BlackBerry Curve 9300 review

A quick and clever QWERTY-toting BlackBerry for the budget-conscious

The definitive BlackBerry Curve 3G review
The definitive BlackBerry Curve 3G review

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The internet browser on BlackBerry OS 5, which will be running on the BlackBerry Curve 3G at launch, is notoriously rubbish. It's slow to open web pages, even slower to render images, only offers one tab at a time and is generally a bit of a pest to use.

Although the screen puts in a valiant effort to display as much of the webpage as possible on non-mobile sites, it ends up offering you a birds' eye view. By which we mean a view of a load of coloured blobs on a screen.

BlackBerry curve 3g: web view

You really have to make good use of the zoom function in order to see smaller images and read any text. Zooming in to get a better view of text tends to be quite smooth, although we were often left with extremely jaggedy pixellated images after a zoom-in.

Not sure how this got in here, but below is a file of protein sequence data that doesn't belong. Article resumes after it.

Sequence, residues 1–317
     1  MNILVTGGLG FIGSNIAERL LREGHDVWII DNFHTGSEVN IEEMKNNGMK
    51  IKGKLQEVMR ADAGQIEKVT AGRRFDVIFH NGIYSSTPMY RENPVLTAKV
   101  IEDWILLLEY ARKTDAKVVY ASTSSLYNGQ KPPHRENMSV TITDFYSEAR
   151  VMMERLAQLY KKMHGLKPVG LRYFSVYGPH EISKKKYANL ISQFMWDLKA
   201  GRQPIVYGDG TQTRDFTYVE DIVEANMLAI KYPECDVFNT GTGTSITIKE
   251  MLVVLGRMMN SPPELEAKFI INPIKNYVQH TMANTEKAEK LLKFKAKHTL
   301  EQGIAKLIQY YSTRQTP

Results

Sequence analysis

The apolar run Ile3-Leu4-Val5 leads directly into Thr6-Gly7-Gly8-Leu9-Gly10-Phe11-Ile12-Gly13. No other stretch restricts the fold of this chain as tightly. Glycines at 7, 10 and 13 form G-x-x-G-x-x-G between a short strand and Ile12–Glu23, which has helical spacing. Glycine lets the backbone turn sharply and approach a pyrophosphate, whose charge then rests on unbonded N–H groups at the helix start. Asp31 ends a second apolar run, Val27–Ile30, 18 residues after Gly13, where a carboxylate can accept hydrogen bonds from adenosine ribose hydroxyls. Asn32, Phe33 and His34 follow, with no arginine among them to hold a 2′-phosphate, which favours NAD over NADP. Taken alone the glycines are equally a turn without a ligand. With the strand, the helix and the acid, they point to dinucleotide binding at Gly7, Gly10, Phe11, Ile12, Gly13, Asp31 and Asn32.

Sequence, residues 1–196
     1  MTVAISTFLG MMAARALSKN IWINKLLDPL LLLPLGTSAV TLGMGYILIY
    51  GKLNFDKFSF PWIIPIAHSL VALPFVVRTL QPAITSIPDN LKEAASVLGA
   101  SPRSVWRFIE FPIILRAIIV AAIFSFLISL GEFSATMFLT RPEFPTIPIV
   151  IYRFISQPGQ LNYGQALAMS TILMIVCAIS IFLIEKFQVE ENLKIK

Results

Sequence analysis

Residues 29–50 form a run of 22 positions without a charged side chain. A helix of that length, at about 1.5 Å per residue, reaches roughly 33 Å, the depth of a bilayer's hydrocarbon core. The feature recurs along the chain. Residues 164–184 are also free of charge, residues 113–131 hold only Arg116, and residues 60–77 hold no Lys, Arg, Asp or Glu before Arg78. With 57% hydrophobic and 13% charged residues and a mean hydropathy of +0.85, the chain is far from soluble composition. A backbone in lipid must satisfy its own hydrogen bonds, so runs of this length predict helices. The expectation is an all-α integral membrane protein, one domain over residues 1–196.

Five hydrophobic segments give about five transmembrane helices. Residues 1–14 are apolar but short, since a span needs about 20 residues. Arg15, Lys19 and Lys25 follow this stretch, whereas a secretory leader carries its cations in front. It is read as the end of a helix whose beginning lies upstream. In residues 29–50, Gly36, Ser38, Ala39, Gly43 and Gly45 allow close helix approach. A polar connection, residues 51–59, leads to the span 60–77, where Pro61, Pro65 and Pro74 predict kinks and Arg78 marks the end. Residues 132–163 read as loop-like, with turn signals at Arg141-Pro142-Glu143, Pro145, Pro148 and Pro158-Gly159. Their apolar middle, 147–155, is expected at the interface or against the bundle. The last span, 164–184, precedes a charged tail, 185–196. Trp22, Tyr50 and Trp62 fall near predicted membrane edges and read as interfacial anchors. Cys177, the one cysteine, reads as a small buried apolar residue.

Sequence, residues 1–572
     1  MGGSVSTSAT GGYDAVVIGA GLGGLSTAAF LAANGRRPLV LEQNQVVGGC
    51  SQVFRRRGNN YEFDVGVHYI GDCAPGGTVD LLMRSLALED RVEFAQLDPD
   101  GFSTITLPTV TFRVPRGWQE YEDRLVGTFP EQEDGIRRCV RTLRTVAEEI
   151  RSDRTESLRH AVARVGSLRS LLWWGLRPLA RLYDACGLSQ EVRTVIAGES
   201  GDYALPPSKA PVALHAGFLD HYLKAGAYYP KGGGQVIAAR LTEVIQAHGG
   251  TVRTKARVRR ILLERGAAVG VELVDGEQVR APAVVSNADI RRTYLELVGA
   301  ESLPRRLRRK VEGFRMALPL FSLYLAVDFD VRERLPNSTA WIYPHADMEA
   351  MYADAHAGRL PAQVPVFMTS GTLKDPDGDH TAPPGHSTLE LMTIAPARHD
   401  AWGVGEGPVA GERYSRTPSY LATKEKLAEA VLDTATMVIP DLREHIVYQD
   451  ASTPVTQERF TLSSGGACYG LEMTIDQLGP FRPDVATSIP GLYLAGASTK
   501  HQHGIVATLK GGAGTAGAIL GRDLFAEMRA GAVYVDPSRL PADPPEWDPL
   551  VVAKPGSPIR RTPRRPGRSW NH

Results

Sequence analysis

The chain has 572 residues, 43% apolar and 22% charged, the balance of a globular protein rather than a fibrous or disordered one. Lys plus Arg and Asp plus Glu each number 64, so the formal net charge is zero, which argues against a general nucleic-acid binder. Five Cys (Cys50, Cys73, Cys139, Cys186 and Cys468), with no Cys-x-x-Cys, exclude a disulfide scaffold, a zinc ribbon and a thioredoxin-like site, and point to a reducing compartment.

In fact, some websites rendered very pixellated, and even dedicated mobile sites suffered this same fate.

BlackBerry curve 3g: pixelly webpage

The optical track pad gives you more freedom to move the cursor around the web page than a D-pad would, although it did tend to be overly responsive, making selecting that tiny little link a real hassle.

It also comes in handy when you want to select text to copy and paste on the BlackBerry Curve 3G, as you can grab massive chunks of text in one quick swipe.

BlackBerry curve 3g: copy and paste

Sharing links is very easy, and is given as an option in the browser's menu. You have the option to send the link in an email, via SMS, MMS or BlackBerry Messenger. The other standard feature is the inclusion of bookmarks, and you can organise these by named folders to keep things tidy.

BlackBerry curve 3g: bookmarks